July 2019 Spotlight on the SRCD Policy Fellow: Paula Daneri, Ph.D.
Ever since I started working in research as an undergraduate, I have sought to understand how our findings could inform policy and practice. In my quest to connect research to policy, I quickly learned that research and policy are largely distinct worlds, each with its own language, assumptions, and rules. Bridging the two wouldn’t be as straightforward as I had hoped. Effectively communicating research findings to policy professionals would require a set of tools that I couldn’t acquire from the comfort of the lab.
I decided to take on the challenge of learning about policy after graduating from my doctoral program. The SRCD Policy Fellowship seemed like a perfect opportunity to dive head first into policy while continuing to receive mentorship and support from leading scientists in the field, affording me a connection to research while submerged in the world of policy. Before I began my time as a fellow, I imagined my role would be to encourage policymakers to allow research to play a role in policy discussions. To my surprise, I found that research already guided decisionmaking at my placement in the House Committee on Education and Labor. Policy experts on the Committee were eager to learn about evidence that can inform the development of federal policy and were much more knowledgeable about research than I was about policy.
In fact, the first task I was asked to tackle as a fellow was drafting a report examining the research literature on the costs and benefits of a college degree to inform federal higher education policy. Luckily, the report presented an ideal transition into the fellowship, allowing me draw on my research skills while also providing me an opportunity to learn about the policy-making process. Each conversation I had with my new colleagues as we drafted the report helped me better understand their perspectives and gave me insight into their approach to crafting policy. From the questions they asked to the edits they added, each interaction became a learning experience.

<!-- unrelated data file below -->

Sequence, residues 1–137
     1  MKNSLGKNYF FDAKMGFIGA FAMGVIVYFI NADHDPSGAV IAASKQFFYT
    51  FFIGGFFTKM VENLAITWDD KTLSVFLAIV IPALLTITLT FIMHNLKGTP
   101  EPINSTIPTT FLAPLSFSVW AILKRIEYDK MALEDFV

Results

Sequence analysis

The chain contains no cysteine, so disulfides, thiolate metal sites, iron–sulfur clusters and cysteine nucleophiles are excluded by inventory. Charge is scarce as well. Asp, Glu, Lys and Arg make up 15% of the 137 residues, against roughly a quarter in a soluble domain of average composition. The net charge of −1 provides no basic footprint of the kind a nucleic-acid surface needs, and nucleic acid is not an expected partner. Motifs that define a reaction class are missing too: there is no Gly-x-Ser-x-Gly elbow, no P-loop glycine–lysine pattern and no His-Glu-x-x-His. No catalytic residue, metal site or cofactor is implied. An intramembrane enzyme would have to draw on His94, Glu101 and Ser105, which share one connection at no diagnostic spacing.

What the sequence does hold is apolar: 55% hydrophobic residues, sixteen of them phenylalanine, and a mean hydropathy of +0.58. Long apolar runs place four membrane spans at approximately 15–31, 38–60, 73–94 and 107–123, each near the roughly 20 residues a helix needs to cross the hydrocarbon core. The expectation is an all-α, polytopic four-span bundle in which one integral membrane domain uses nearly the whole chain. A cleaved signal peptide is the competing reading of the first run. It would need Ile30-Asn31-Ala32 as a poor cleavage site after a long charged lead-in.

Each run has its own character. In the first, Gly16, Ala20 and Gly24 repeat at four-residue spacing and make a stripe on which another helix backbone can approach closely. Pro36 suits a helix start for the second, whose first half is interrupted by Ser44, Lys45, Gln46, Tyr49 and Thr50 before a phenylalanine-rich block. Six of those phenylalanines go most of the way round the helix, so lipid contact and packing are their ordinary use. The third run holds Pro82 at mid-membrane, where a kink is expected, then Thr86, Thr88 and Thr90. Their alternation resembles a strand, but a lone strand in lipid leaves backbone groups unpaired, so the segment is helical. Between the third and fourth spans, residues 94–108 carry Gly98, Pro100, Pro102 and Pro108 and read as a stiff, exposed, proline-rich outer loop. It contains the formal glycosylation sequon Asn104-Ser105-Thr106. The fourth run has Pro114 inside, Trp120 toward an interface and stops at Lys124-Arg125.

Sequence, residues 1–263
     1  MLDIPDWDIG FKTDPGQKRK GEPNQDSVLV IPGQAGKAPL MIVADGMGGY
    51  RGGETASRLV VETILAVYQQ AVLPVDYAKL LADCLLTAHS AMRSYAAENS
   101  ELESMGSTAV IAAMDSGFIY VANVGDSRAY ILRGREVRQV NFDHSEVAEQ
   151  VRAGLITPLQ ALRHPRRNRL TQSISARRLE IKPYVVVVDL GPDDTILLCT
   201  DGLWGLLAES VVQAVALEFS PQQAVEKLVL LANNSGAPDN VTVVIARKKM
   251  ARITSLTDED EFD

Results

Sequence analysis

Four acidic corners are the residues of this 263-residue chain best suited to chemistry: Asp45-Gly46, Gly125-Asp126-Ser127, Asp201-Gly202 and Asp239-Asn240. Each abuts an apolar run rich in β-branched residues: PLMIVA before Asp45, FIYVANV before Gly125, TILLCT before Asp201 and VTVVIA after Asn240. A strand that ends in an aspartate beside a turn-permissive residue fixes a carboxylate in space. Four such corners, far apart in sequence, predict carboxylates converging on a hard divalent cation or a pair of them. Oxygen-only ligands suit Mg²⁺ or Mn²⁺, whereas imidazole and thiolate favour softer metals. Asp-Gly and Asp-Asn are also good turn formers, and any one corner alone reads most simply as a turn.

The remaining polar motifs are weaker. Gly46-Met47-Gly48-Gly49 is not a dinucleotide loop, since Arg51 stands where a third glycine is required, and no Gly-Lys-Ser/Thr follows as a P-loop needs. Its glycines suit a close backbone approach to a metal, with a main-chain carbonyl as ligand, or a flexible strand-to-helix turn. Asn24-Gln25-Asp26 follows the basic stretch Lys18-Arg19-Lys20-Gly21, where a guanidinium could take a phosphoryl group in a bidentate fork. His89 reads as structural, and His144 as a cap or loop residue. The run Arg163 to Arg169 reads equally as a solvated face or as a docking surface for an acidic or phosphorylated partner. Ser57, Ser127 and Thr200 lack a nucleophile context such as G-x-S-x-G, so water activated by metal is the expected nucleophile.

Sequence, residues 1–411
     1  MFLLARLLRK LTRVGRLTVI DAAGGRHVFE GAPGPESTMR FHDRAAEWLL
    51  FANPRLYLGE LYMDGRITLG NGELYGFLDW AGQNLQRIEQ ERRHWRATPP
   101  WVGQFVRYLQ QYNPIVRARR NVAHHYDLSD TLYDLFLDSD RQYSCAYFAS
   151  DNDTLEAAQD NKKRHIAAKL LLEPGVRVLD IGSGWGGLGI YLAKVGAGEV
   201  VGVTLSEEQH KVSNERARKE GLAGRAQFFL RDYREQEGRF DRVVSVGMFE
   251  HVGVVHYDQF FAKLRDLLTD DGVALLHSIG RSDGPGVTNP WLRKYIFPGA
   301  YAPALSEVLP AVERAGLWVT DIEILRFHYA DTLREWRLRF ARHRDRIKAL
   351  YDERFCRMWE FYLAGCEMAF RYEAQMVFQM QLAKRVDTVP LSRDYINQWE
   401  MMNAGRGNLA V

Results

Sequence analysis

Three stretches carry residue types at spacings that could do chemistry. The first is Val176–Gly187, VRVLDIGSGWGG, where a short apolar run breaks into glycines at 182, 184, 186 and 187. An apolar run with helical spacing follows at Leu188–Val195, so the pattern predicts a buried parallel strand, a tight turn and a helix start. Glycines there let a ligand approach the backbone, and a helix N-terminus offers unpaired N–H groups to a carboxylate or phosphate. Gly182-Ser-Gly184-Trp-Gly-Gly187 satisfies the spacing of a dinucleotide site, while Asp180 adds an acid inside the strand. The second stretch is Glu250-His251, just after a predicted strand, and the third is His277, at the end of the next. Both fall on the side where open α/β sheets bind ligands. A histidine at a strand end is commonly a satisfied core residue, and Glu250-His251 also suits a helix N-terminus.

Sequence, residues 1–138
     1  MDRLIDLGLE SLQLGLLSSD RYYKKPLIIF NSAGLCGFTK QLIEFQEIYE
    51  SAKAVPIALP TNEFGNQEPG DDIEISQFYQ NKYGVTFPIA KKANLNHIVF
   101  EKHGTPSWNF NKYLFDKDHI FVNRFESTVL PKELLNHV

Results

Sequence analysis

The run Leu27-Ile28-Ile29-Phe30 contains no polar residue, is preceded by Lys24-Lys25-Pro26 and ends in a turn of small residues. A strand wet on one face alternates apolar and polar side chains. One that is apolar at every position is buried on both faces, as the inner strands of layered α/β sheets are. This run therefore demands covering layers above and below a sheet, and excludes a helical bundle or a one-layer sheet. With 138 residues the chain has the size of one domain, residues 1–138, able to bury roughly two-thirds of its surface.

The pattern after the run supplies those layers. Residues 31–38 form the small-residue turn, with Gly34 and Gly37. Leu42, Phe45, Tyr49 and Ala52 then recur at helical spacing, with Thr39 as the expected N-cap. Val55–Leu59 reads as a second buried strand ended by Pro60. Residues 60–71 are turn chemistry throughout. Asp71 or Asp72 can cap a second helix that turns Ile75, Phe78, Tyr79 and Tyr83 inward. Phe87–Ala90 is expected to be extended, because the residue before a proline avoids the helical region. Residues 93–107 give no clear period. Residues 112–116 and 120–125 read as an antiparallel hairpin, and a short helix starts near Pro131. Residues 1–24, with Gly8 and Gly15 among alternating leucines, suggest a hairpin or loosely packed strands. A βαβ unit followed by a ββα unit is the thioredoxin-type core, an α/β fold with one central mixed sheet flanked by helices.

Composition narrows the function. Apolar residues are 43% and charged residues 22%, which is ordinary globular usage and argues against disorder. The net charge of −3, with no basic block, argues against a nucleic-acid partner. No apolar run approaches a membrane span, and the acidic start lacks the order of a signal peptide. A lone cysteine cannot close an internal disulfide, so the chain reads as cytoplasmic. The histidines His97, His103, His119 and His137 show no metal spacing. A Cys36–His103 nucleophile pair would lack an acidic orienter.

Since the completion of the college report, the focus of my work on the Committee has shifted to early childhood and child welfare, aligning more closely with my expertise. My most enjoyable and challenging experience to date as a fellow has been taking the lead on the reauthorization of the Child Abuse Prevention and Treatment Act (CAPTA). CAPTA, a law that funds programs aimed at preventing child abuse and supports states in responding to reports of child abuse, has long been due for a comprehensive update. Working on this legislation helped me realize the breadth and depth of the knowledge that developmental scientists have accumulated about how to best support families to raise healthy, strong children. It felt incredibly rewarding to have the opportunity to inform legislation through a developmental lens. During the CAPTA reauthorization I also got firsthand experience seeing policy, politics, and process play out in the crafting of bipartisan legislation.
My experience as a fellow has thus far surpassed any expectations I had when I accepted the position. I now realize that my understanding of policy-making was so limited that I did not understand how much I did not know. I feel as though in the year I have spent in Congress I have only just begun to understand the policy-making process. At the same time, my work on the Committee has informed my perspective as a researcher. For example, interacting with policy experts has shown me which issues the early childhood field struggles to answer, such as defining quality care and education, and replicating across all levels of education. This work has also revealed both how far developmental research has come but also how much room the field has to grow.
I am incredibly grateful to SRCD and the Committee on Education and Labor for allowing me the opportunity to take on the challenging and rewarding work of contributing to federal policy. I am especially indebted to our two SRCD mentors, Marty Zaslow and Ruth Friedman, for their unwavering support and encouragement during the past year. The fellowship would not be the impactful experience it is without their guidance and their recognition that developmental scientists can and must play a role in federal policy.